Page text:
In his essay “All in the Game,” Mittell is quick to admit that the type of interactivity afforded by videogames (in the sense of an input-output feedback loop) is incompatible with the static spectatorship inherent to the televisual form of The Wire. Other problematic tensions aside, he instead deploys this surprising metaphor by turning to “the ludic elements within the show’s diegesis” (3), and ultimately uses this cross-media parallel to illustrate how the show simulates and aesthetcizes the kind of rule systems (i.e. institutional and personal codes) and “systems of interrelated actions” embedded in digital games. In both forms, “procedures are the essential building blocks of narrative, character, and rhetoric, the actions that are undertaken within the parameters of the simulation, the rules of the game” (9).
Indeed, “games” and “codes” assume various metaphorical functions in the televisual narrative of The Wire, and Mittell’s metaphor is useful in its ability to unravel the show’s formal features in a seemingly incompatible framework; but what would a videogame adaptation of The Wire actually look like? Or rather, how would it play? What game genre would such play fall under? How would a game designer translate the show’s narrative complexity, with its novelistic ambitions, thematic scope, and implicit procedural rhetoric, into an interactive ludic system that accounts for player intervention and agency in its procedural articulation of narrative?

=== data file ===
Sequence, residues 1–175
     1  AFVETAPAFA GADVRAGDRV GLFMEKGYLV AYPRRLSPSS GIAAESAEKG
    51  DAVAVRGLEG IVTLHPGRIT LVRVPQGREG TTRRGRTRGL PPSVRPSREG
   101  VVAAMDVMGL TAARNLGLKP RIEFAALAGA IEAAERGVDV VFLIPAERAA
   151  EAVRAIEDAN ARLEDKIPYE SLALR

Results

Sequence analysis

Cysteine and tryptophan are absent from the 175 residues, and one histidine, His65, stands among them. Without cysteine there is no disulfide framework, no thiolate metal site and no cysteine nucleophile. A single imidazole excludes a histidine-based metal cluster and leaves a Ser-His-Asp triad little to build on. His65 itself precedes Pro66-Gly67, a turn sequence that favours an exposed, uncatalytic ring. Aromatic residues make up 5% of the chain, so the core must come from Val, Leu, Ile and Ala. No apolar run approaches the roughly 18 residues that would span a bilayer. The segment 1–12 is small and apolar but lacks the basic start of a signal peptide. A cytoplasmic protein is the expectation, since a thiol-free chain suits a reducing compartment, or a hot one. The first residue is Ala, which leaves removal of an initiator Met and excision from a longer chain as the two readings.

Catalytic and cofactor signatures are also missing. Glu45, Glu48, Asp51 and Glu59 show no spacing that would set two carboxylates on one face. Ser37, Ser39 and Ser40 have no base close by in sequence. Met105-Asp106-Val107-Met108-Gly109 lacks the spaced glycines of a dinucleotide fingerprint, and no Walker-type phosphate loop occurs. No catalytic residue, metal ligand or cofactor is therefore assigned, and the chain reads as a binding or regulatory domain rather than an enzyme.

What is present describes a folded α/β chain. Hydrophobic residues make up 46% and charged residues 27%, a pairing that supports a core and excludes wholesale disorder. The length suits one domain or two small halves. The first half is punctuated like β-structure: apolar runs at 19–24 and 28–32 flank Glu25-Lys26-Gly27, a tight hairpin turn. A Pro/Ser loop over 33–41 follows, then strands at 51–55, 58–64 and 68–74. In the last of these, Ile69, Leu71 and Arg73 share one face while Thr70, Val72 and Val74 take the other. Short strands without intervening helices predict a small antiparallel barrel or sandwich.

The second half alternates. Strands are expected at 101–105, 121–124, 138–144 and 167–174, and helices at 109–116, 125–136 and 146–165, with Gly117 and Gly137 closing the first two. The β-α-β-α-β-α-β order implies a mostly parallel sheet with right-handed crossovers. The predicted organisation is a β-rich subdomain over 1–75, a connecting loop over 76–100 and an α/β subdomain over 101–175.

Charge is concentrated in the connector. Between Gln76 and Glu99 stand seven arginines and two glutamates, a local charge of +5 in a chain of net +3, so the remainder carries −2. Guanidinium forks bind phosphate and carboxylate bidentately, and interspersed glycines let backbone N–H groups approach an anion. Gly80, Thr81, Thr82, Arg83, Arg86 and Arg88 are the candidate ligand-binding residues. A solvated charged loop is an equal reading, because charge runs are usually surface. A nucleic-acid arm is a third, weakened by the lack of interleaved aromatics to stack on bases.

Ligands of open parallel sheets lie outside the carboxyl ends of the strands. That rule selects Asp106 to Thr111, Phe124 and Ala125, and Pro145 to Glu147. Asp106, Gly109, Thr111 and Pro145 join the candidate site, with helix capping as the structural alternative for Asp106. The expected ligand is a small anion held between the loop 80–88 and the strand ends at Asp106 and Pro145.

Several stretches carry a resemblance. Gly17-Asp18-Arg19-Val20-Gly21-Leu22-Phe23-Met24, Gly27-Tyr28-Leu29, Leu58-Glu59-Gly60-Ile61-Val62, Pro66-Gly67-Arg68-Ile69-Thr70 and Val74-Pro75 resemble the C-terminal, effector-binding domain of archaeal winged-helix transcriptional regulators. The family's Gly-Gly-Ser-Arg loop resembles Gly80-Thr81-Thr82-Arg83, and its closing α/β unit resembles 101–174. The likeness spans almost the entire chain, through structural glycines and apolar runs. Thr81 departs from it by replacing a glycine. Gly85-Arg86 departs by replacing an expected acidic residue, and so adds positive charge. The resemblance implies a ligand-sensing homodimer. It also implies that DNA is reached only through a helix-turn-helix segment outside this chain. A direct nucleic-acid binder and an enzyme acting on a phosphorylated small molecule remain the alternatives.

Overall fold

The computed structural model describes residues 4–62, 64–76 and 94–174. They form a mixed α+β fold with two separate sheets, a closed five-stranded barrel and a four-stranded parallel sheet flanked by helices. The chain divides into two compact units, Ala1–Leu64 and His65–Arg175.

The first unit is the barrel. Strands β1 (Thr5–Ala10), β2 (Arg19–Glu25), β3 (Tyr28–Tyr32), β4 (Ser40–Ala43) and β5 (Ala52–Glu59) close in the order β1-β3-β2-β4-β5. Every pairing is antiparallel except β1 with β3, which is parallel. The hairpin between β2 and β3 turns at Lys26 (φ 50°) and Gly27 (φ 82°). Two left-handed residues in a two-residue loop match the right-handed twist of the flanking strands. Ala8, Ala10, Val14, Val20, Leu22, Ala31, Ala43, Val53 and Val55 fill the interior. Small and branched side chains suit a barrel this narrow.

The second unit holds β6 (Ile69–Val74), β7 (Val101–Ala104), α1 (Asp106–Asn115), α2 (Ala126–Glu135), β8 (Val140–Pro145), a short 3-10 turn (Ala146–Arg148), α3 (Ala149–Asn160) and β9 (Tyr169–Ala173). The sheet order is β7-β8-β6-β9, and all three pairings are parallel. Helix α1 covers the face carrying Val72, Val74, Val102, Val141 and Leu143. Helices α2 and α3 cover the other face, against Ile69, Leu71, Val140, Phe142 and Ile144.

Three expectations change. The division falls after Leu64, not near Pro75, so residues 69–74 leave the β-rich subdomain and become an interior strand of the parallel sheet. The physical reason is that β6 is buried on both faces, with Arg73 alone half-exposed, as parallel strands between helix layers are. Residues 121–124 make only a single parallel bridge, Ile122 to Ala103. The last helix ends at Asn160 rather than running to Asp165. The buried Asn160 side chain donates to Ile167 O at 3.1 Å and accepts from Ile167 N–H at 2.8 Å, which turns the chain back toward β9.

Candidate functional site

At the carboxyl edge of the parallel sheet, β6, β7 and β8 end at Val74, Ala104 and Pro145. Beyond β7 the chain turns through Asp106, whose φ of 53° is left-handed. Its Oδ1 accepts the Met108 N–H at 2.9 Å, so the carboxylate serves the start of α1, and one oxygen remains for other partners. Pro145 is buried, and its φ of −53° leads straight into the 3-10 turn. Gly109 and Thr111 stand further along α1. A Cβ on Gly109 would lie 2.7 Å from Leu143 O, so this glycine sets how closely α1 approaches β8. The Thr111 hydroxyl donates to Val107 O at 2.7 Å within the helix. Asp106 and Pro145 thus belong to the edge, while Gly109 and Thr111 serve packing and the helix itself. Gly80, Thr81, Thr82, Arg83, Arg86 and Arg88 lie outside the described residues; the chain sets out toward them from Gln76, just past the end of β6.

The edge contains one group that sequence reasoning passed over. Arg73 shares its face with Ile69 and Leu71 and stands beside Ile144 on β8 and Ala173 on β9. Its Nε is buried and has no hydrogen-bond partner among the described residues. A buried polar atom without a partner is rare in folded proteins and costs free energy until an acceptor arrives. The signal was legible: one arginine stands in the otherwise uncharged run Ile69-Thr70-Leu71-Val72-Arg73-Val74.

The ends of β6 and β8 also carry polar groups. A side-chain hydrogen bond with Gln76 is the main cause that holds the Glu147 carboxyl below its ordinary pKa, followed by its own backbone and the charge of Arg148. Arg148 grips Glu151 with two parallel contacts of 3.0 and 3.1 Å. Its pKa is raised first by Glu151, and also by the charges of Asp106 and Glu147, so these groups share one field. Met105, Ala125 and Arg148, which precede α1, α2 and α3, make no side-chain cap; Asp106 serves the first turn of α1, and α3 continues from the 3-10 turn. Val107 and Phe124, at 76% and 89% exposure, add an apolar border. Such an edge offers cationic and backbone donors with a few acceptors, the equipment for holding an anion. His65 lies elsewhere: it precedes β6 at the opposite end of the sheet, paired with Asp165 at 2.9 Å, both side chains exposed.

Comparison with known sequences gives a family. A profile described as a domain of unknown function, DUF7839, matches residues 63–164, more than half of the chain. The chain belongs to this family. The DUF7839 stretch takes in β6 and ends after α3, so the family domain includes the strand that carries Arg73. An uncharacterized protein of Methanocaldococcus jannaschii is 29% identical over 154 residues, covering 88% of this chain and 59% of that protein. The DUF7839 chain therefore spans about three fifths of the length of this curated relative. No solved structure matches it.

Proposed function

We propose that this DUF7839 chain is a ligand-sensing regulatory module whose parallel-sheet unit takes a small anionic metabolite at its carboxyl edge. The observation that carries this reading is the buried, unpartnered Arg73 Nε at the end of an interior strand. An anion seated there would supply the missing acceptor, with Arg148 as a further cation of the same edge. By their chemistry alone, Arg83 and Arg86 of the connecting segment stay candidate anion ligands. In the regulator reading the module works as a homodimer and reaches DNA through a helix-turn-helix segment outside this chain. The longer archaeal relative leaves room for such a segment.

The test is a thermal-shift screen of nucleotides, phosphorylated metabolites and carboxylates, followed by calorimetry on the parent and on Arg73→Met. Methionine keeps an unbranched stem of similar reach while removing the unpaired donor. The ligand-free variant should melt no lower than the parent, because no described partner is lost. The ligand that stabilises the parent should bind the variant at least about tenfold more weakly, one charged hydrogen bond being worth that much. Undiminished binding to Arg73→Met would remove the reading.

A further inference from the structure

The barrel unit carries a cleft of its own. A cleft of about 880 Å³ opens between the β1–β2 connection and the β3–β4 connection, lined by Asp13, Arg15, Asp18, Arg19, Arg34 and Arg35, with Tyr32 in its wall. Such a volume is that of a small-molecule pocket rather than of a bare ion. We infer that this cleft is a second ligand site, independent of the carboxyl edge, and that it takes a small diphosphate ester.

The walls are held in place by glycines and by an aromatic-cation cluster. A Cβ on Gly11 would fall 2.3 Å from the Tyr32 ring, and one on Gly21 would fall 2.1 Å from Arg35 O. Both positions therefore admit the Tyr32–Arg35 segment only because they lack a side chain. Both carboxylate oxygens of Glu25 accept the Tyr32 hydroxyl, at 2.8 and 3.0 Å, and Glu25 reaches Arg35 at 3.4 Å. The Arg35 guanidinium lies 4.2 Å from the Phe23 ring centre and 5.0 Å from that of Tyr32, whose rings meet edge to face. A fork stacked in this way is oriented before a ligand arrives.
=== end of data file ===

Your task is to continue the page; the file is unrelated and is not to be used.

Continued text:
There are a lot of hypothetical design decisions to be made here. Perhaps one way to re-imagine The Wire as a videogame is to (humorously) distill all of its narrative complexity into the limited form of a 16-bit role-playing game, as CollegeHumor did a few months ago in an animated viral video. The primitive RPG imagined in this video has the player assume the role of a character, whereas Mittell draws comparisons to the simulatory logics and bird’s-eye perspective of “god games” like SimCity and The Sims, and comically exaggerates the frustration associated with rule systems overriding the individual — indeed, it’s hard to imagine a Wire videogame that’s “fun” (whatever that means), unless it thematically deviates from the tragedy of its source material and aims for loftier ambitions by allowing for different outcomes based on player choices, or the possibility of a character winning “the game.”